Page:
Chapter 6 – Casings and Liners

From Drilled Shafts: Construction Procedures and LRFD Design Methods by FHWA

Casings and liners play an important role in the construction of drilled shafts, and special attention must be given to their selection and use. Except for surface casing or guides, the casings and liners that are described in this chapter are used for support of the drilled shaft excavation, and/or may serve as a structural element of the completed drilled shaft. Casings and liners are used in conjunction with rotary drilling or other techniques described in Chapters 4 and 5 for constructing drilled shafts.

Casings are tubes that are relatively strong, usually made of steel, and joined, if necessary, by welding or, in some cases, bolting. Casings may also have special joints that allow torque and axial load to be transferred to the tip, such as those that are used with full depth casing machines.

Liners, on the other hand, are light in weight and become a permanent part of the foundation. Liners are often made of corrugated sheet metal pipe (CMP), but also may be made of plastic or pressed fibers (e.g., SonotubeTM). While their use is much less frequent than that of casings, liners can become important in some situations.


Temporary casing is used to stabilize the drilled shaft excavation and then removed after or during placement of fluid concrete. Contractors like to emphasize the fact that the casing that is used temporarily in the drilling operation is essentially a tool, so it is sometimes termed “temporary tool casing.” This temporary casing is used to retain the sides of the borehole only long enough for the fluid concrete to be placed. The temporary casing remains in place until the concrete has been placed to a level sufficient to withstand ground and groundwater pressures. The casing is removed after the concrete is placed. Additional concrete is placed as the casing is being pulled to maintain the pressure balance. Thereafter, the fluid pressure of the concrete is relied upon to provide borehole stability. The use of temporary casing has been described briefly in Chapter 4.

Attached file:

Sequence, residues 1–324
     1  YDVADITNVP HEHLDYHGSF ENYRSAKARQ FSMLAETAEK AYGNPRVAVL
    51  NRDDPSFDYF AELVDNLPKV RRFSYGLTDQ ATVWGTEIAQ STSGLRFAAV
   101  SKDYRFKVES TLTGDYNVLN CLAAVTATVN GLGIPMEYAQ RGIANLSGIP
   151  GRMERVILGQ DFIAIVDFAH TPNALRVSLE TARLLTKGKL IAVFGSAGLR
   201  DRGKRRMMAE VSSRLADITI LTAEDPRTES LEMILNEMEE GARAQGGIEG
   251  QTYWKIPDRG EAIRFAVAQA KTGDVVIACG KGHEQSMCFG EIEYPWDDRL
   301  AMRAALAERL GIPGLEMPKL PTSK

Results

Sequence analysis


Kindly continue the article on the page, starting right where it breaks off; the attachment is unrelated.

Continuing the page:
When approved by the engineer, temporary casing used solely for support of the drilled shaft excavation may be left in place. In such cases, the engineer must assess the influence of the casing on the axial and lateral resistance of the completed drilled shaft.

Temporary casing must be cleaned thoroughly after each use to have low shearing resistance to the movement of fluid concrete. Casing with rough interior surface will increase the shearing resistance between the casing and the column of fluid concrete placed inside the casing. As the casing is lifted the drag on the column of concrete may cause the concrete to be lifted, creating a neck or a void in the concrete. The casing should be free of soil, lubricants and other deleterious material.

6.1.1 Types and Dimensions

Most drilling contractors will maintain a large supply of temporary casing of various diameters and lengths in their construction yards. A typical view of stored temporary casing is shown in Figure 6-1. Casing from the stockpile may be welded or cut to match the requirements of a particular project.


Temporary casing must sometimes be seated into an impervious formation such as rock if the excavation is to be advanced below the casing in the dry. In such a circumstance, it will normally be necessary to use the casing as a tool, with twisting or driving forces applied through the casing. The end of the casing may be equipped with cutting teeth or additional thickness in order to facilitate installation.

ADSC: The ILargeTemporaryCasingnternational Association of Foundation Drilling, has adopted the outside diameter of casing as a standard and uses traditional units [e.g. 36-in. O.D.] because used pipe in O.D. sizes is available at much lower cost than specially rolled pipe with specified I.D. (ADSC, 1995). Specially ordered pipe of a specific size can be ordered, but at higher cost and with the added requirement of lead time for fabrication. Ordinarily, O.D. sizes are available in 6-inch increments 18 in., 24 in., 30 in., and so on up to 120 in. Larger sizes as shown in Figure 6-2 typically require special order and fabrication.